“Interventions”: a change in practice or an observation which has been linked to a change in hydration status.
“Dehydration”: a deficit in the body’s fluid balance, such that it has been clinically detected.
Studies should include an assessment of hydration status or an assessment of fluid intake, as the primary outcome measures, before and after the intervention.
Observational studies: has a link between the exposure and the outcome measure(s) been assessed?
Comparators will be control groups or non-exposed groups.
Participants should be >=65 years of age, living in residential care and be able to eat and drink orally, and should not be receiving fluids or nutrition by any other means (parenteral or enteral feeding).
Intervention studies: An assessment of dehydration which was applied before and after the intervention and/or an assessment of fluid intake which was applied before and after the intervention.
Case-control, cross-sectional and cohort studies should include: an assessment of dehydration or fluid intake AND an observation of at least one of the following: environmental factor or system of care or pattern of behaviour, with an assessment of the relationship between the environmental factor and the outcome.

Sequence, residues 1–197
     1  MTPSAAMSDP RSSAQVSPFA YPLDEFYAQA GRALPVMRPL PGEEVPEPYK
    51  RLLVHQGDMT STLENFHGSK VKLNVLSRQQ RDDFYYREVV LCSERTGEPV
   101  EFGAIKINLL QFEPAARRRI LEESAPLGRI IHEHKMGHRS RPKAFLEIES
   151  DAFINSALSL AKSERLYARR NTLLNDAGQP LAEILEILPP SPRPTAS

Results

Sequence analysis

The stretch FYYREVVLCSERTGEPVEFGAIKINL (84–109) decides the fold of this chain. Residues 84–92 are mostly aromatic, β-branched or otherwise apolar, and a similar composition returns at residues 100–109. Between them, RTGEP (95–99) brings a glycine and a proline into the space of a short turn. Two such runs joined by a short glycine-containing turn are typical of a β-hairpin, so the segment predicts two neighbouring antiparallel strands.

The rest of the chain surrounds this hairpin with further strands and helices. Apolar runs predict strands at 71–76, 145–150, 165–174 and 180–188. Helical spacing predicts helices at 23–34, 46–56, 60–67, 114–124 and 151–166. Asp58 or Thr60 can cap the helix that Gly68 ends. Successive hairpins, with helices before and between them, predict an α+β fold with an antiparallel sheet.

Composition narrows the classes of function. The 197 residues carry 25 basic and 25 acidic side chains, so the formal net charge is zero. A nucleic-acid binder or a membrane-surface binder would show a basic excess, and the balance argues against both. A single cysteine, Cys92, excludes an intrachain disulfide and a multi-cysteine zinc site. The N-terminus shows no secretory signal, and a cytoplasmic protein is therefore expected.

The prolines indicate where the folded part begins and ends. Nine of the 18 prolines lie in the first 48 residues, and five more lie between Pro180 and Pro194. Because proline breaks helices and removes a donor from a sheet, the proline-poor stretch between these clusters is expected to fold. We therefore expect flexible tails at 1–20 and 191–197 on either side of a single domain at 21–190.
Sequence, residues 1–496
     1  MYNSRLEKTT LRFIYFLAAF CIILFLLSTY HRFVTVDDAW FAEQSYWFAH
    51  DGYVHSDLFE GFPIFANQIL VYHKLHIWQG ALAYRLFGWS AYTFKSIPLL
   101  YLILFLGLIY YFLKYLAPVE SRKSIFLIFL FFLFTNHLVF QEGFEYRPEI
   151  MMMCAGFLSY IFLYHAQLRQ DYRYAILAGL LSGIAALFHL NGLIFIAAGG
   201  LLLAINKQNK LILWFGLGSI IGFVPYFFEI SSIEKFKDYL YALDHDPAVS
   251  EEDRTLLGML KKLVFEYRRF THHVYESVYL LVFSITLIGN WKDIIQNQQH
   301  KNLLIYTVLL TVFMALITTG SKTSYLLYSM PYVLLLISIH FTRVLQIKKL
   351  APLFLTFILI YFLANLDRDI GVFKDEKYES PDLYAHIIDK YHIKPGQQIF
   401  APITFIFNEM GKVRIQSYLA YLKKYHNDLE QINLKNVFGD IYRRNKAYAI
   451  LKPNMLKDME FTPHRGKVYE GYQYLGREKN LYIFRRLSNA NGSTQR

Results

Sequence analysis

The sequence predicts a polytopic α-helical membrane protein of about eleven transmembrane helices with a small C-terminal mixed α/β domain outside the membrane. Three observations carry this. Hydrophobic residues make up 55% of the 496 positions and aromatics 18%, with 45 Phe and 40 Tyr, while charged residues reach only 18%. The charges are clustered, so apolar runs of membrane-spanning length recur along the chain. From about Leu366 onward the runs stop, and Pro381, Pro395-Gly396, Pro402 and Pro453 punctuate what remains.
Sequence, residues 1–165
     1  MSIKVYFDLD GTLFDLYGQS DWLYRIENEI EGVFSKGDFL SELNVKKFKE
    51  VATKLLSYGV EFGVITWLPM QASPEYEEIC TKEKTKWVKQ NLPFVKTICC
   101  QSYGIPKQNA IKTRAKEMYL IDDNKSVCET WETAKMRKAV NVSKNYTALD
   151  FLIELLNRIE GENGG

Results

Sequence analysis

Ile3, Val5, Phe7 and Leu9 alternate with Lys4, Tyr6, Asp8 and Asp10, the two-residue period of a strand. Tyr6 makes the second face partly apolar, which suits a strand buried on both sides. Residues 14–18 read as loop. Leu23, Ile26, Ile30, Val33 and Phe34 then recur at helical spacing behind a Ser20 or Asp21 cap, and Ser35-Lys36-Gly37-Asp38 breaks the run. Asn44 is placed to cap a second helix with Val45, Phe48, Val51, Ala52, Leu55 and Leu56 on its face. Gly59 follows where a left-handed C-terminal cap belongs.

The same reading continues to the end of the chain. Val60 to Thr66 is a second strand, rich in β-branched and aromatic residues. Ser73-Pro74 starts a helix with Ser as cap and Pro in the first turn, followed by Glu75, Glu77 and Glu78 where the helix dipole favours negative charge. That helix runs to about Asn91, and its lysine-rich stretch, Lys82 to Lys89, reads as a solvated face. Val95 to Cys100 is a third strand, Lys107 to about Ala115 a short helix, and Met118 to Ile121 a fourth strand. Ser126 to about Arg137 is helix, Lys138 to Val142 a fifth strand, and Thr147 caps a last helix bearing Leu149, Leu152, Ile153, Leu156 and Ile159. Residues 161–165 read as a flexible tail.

Secondary outcomes may be:
(i) an assessment of comorbidity which was applied before and after the intervention. The aspect of comorbidity assessed should have a known link to dehydration, such as stroke, urinary tract infection (UTI), upper respiratory tract infection (URTI), constipation, falls or death.
(ii). A measure of quality of life which was applied before and after the intervention.
(iii). In case-control, cross-sectional or cohort studies, if there is an assessment of correlation with quality of life, stroke, UTI, URTI, constipation, falls or death these will be noted.
Data extraction, (selection and coding)